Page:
Images are clean, detailed, and sharp throughout, with HDR deployed lightly to enhance the natural look of the visuals.



The DTS-HD Master Audio 5.1 soundtrack sticks mainly to the front channels, but the surrounds are used occasionally to add ambience to naturalistic effects.

Patel is joined by a terrific supporting cast that really leans into playing the over-the-top side characters who wind in and out of Copperfield’s life. These include Hugh Laurie as the delightfully eccentric Mr. Dick, who is convinced that the thoughts of King Charles I are stuck in his head since Charles was beheaded; Benedict Wong as the alcohol-obsessed Mr. Wickfield (who “takes his wine with an enviable degree of enjoyment”); Ben Whishaw as the sniveling and class-obsessed Uriah Heep; as well as Tilda Swinson as David’s great aunt, the donkey-hating Betsey Trotwood; Peter Capaldi as the eternally yet optimistically in debt Mr. Micawber; Morfydd Clark, who plays both David’s mother Clara; and his first love interest, the eternally childish Dora Spenlow, who likes to carry around and speak via her puppy, Jip.


One of the film’s storytelling techniques is that Copperfield regularly recalls and mimics and then writes down quotes and snippets of conversations he has or overhears with these peculiar acquaintances, keeping these scraps of papers in a box he carries with him and later uses to turn into stories that he ultimately sells to make his way. 


While I’ve yet to read the novel, the dialogue is so witty, sharp, and biting I wonder how much was lifted from Dickens’ text and how much is original. Lines like “I see my father’s gravestone shadowed by trees bending towards one another in the wind like giants whispering secrets” certainly feel true to Dickens’ flowery writing style.

While there is frequent humor, it is often subtle and restrained. Lines like Mr. Dick’s comment, “[Does she mean] to visit violence on the boy? Yes. She’s a remarkable woman. Very kind,” are typical of the type of humor to expect.


Details on the resolution of the transfer aren’t clear, but images are clean, detailed, and sharp throughout. We are especially able to appreciate the bright outdoor scenes that offer countryside views for miles. The rocky beaches of Yarmouth show every stone in clear, individually outlined detail, and you can practically feel the texture of the bricks, stones, plaster, and wood that comprise the construction of various buildings.


The film uses a light touch with its HDR grading, which is used to create images that look consistently natural, with lots of rich, deep shadows and bright highlights from sunlight streaming in through windows. Deep, clean blacks are present when called on, such as at the bottle factory Copperfield works at in his youth.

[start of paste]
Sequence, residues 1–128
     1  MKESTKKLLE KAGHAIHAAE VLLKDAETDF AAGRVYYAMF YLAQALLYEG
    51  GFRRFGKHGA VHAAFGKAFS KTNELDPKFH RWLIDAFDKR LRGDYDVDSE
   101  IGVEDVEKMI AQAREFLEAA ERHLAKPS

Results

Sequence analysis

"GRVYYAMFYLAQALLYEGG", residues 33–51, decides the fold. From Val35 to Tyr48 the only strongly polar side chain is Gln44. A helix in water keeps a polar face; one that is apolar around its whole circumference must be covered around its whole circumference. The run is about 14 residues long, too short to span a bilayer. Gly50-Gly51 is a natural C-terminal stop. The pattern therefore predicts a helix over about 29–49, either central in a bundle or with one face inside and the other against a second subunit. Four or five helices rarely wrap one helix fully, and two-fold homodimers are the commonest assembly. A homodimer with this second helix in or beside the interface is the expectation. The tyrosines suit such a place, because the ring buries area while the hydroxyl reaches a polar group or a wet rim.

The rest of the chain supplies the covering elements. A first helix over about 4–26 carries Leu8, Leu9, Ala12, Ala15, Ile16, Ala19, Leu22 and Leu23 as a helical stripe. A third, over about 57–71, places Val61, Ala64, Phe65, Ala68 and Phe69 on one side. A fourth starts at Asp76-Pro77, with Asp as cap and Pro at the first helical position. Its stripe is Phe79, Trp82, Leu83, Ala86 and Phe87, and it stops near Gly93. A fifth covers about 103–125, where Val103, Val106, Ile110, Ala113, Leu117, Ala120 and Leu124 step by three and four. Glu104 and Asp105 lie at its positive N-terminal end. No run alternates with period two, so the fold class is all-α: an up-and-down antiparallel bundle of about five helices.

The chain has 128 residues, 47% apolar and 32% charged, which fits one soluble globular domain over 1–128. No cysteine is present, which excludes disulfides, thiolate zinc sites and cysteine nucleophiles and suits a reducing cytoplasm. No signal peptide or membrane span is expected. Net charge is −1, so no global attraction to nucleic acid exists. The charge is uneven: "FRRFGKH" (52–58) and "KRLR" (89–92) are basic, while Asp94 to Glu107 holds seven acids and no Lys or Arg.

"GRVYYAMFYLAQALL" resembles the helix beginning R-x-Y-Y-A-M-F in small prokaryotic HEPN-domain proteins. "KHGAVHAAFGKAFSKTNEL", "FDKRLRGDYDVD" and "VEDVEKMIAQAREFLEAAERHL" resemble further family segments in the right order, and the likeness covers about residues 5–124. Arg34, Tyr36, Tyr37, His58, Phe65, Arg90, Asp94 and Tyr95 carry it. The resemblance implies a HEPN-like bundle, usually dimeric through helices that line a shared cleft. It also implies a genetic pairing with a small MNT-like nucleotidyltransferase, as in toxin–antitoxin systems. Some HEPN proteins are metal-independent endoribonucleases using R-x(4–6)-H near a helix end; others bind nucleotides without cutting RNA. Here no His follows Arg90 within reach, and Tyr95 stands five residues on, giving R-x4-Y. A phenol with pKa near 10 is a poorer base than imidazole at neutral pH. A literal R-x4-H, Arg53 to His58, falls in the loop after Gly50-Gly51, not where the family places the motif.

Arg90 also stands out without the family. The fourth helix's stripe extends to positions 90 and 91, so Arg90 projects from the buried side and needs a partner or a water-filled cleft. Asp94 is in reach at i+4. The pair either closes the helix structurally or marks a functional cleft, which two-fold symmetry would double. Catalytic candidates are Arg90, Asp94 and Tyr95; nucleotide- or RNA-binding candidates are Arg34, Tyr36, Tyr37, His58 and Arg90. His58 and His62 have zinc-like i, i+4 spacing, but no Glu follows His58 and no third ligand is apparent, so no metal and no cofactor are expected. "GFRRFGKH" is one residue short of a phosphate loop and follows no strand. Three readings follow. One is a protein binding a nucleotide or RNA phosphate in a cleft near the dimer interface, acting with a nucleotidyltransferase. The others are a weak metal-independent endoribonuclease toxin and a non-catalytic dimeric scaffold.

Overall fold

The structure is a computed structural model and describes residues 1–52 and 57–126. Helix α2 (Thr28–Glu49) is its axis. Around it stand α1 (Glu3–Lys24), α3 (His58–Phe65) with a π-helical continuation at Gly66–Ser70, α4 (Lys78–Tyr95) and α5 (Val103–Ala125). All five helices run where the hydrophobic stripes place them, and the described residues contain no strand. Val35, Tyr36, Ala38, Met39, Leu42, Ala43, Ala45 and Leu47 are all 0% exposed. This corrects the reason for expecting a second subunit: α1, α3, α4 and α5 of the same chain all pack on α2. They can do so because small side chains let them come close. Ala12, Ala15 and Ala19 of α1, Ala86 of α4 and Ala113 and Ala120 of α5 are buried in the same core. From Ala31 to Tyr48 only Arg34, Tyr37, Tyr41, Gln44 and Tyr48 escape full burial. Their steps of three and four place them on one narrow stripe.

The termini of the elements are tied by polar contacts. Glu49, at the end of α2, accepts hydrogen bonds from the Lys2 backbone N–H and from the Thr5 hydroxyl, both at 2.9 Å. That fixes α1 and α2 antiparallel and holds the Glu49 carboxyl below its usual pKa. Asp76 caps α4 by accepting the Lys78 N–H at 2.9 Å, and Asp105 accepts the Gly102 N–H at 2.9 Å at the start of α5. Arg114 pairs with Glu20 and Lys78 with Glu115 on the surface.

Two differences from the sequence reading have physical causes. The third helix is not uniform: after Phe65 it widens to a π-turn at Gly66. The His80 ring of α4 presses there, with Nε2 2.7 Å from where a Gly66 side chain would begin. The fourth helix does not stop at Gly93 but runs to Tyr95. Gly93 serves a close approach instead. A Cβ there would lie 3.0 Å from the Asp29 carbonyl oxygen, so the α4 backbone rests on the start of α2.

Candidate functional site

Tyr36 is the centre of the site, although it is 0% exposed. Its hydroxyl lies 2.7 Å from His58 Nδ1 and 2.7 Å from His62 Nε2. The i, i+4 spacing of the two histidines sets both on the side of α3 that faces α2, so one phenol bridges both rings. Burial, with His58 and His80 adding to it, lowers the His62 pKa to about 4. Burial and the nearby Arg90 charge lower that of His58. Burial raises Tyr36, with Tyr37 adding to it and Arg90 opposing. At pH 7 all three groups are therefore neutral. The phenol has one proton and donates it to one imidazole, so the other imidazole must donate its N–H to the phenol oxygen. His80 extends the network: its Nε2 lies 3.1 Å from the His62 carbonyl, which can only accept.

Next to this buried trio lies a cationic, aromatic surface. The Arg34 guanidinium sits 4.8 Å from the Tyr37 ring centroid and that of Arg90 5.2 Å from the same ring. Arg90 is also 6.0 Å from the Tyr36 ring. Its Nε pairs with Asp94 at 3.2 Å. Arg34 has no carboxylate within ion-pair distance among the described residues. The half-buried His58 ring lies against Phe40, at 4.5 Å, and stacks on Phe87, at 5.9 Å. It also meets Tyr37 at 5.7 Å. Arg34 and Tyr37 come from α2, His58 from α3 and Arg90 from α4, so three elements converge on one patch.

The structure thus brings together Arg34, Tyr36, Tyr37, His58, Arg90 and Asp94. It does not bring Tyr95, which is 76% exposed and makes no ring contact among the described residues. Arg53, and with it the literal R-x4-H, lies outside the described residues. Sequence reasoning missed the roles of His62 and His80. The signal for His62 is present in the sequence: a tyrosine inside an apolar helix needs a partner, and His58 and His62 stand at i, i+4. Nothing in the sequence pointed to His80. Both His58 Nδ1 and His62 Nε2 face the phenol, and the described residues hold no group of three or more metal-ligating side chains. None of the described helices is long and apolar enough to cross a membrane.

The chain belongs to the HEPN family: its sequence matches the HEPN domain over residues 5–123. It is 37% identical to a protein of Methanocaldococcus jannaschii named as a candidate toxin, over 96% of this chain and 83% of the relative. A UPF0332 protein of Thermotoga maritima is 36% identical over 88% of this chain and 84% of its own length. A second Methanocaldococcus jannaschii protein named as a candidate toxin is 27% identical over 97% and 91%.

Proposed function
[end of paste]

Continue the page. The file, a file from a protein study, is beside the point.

The Kaleidescape transfer includes a 5.1-channel DTS-HD Master Audio soundtrack that does a fine job presenting the film’s dialogue. While most of the audio is kept in the front of the room, the surrounds are used occasionally to add some convincing and scene-appropriate ambient effects, such as street and

The Personal History of David Copperfield (2019)

city sounds, noises on the factory floor, life at the beach, or the creaks and groans and strains of ropes aboard a boat. The musical score also mixes up nicely into the overhead speakers to expand the soundstage, as do sounds from an intense thunderstorm near the film’s conclusion.


Several of the actors speak with pretty thick accents, making some of the dialogue tricky to understand at times, though these moments are usually brief and can certainly be rectified by turning subtitles on.


While the film meanders along a bit slowly, it is a fine and interesting journey to take. The movie inspired me to download the novel to my iPhone, and if a film can move you to read a book, that is a version of success on its own, I’d say. So, while I can’t compare how closely writer and director Armando Iannucci’s vision hews to the original, it certainly feels both true to the book’s spirit, story, and quirky characters while being fresh, inventive, modern, and unique in its approach.

John Sciacca

Probably the most experienced writer on custom installation in the industry, John Sciacca is co-owner of Custom Theater & Audio in Murrells Inlet, South Carolina, & is known for his writing for such publications as Residential Systems and Sound & Vision. Follow him on Twitter at @SciaccaTweets and at